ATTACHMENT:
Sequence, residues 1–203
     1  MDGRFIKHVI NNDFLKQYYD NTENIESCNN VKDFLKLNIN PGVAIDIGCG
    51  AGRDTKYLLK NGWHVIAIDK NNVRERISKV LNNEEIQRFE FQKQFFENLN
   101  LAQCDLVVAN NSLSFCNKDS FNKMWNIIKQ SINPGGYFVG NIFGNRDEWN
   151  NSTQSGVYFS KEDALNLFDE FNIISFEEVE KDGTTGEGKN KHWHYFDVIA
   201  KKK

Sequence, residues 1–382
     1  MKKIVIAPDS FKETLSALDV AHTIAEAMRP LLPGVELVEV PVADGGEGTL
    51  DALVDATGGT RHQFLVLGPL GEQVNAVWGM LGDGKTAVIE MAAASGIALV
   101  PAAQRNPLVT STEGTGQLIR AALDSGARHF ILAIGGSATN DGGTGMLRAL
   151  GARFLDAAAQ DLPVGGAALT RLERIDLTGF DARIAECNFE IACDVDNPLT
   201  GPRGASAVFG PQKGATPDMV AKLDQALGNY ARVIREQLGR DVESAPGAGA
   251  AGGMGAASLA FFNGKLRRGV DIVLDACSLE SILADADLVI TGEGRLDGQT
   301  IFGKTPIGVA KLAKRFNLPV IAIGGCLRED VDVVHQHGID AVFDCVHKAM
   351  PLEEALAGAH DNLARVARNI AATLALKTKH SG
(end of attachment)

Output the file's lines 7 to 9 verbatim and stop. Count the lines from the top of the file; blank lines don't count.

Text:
Sequence, residues 1–382
     1  MKKIVIAPDS FKETLSALDV AHTIAEAMRP LLPGVELVEV PVADGGEGTL
    51  DALVDATGGT RHQFLVLGPL GEQVNAVWGM LGDGKTAVIE MAAASGIALV